For many moviegoers, King Henry VIII conjures the image of a burly, bearlike and paunchy monarch, but Showtime gives him a startling new makeover in "The Tudors," a 10-part series premiering Sunday, April 1.
The project, which presents Henry VIII at an earlier stage in his life, stars Irish actor Jonathan Rhys Meyers, who won a Golden Globe Award playing Elvis Presley in a 2005 CBS movie. That part may actually have provided some good training for his role in "The Tudors," since this young Henry VIII is depicted as being the rock star of his time.
"The portrait of Henry here is different from the big, fat, red-haired guy type of image," says Rhys Meyers, 29, "but it's very accurate to the historical record. It's a more attractive and physical Henry that I am playing, but it's true.
"Henry spent many years when he was young sleeping in his father's (Henry VII) bed, and his father would tell him everything about life in court -- who was scheming, how to behave, what to do and not do -- so he was very well-schooled. He was also very well-read. So he was very familiar with cutting-edge thinking and writing of the time.
"He was a modernist in many senses, even more so than he realized. He founded the Church of England, which the Queen of England still heads today. He introduced divorce into the equation of marriage. And in his effort to have a son, he gave us Elizabeth I, a kind of founding feminist and one of the most amazing queens the world has ever known."
Executive producer Morgan O'Sullivan says the creative team for the series wanted to make the story immediately accessible for a contemporary audience.
"The drama that happened in the palace was pretty similar to what happens in 'The West Wing,' and if we had a template, it's probably 'The West Wing,' because all of us certainly were such big fans of Aaron Sorkin's writing." he says. "We wanted to make it accessible, not a stiff European drama. All of us came to it with that attitude in mind. That and the pacing were very important."
"In my research, I was always looking for historical scenes which would seem quite contemporary even though people were in costume," adds writer-creator Michael Hirst ("Elizabeth"). "We didn't want another Royal Shakespeare Company or 'Masterpiece Theatre' kind of thing -- all these English actors in period costumes with elaborate and totally contrived mannerisms. We wanted them to be and sound real and think real."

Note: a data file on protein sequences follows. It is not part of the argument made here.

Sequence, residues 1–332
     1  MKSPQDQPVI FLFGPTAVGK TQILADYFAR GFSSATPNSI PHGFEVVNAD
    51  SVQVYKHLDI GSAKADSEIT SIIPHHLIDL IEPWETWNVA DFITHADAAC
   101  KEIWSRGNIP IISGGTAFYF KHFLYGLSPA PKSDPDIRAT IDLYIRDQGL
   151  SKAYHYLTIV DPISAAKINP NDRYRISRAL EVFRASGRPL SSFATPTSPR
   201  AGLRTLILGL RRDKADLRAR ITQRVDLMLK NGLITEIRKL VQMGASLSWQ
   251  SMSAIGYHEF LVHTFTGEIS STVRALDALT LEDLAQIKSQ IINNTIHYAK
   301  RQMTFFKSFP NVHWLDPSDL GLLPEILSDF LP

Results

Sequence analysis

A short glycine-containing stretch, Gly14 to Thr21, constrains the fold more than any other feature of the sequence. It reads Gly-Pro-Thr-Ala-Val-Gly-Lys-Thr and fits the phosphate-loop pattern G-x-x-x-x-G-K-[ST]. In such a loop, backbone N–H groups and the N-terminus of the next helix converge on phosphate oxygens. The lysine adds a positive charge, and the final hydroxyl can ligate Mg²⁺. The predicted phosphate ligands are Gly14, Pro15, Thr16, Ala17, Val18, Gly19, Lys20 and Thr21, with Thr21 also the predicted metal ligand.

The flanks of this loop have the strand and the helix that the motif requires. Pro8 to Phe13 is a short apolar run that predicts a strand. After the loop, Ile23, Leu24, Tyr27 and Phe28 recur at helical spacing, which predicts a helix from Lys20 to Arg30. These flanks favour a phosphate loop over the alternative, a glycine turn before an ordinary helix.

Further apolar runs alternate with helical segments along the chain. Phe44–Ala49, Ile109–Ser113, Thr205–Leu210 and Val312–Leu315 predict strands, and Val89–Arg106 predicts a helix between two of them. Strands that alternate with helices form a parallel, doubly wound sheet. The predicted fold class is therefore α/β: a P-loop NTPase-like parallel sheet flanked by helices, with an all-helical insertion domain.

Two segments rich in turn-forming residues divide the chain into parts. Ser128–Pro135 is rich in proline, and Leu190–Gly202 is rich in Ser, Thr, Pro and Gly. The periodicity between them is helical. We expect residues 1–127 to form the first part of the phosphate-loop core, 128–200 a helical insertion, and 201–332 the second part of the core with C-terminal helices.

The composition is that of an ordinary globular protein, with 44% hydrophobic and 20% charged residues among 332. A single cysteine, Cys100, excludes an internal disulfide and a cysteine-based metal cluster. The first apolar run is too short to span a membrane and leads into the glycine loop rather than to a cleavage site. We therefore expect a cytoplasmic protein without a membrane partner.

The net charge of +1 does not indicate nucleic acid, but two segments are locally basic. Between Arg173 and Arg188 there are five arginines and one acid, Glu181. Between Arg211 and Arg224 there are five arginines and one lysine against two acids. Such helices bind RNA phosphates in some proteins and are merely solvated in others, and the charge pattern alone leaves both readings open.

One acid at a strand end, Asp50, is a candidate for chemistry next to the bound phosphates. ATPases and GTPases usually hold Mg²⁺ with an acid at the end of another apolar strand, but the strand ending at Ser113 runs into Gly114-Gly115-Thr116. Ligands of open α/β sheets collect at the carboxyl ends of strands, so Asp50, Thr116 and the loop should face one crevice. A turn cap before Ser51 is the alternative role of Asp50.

Costume designer Joan Bergin ("The Prestige") says she tried to deconstruct Tudor fashions in subtle ways that would make them sexier and more relatable to modern audiences.
"Henry was a rock star of his time, so we use a lot of leather and a lot of fabrics which are almost modern," Bergin says. "The cut of the collar is high and flattering, with garments cut close to the body to accentuate his physique. He was the Mick Jagger of his day."
It helped that Rhys Meyers is something of a clotheshorse himself, Bergin adds.
"He has a figure great to dress," she explains. "We've kept his clothes quite simple and pared down and spent a lot of money renting the most fabulous jewelry from Laba in Italy, all copies of original work."
Bergin also made work a real joy for actress Natalie Dormer, who plays Henry's ill-fated second wife, Anne Boleyn. After she catches Henry's eye, Anne's position in the court skyrockets, and her costumes reflected that rising status.
"Joan and I had a fantastic time, because as Anne's status grows and she comes further and further into Henry's favor, my costumes just got better and better and better. That was so wonderful, because it helped inform my characterization," Dormer says. "As the weeks passed I would look into the mirror and I would see this glee come over my face, because the jewels were getting brighter and the feathers were getting bigger -- really girlie things, but it must have affected how Anne felt at the time."
In addition to the love triangle involving Henry, Anne and Henry's first wife, Katherine of Aragon (Maria Doyle Kennedy), "The Tudors" also depicts a political triangle of sorts with Henry, Cardinal Wolsey (Sam Neill) and Sir Thomas More (Jeremy Northam).
Neill's multilayered performance as Wolsey will come as a revelation to viewers who previously have seen the character played mainly as a villain, but there clearly is more to Wolsey than that, Neill says.
"This was a man who ran, albeit ruthlessly, the country extremely effectively for over 20 years," the actor says. "This was a consummate politician, and you don't get to be that good just by being nasty. Henry had some extremely able people around him, although some of them had their careers terminated ahead of time. But he was good at picking able men, and this was an extremely interesting and expansionist period of English history. There were some smart people running the place, and Wolsey was the first of them."
The veteran actor has high praise for his young TV monarch as well.
"He is an extremely accomplished actor, but more than that, he is an extremely charismatic actor," Neill says. "You either have that or you haven't, and Jonny has got that in spades. We got on very, very well. Certainly Henry had that in spades as well. I think that's what suits him best for this role.
"I was quite surprised when I heard he had been cast as Henry VIII, but the closer we got to it, the more sense it made. Jonny is a young, sexy guy, and all the girls loved him, and that was true of Henry as well."Copyright © 2015, Los Angeles Times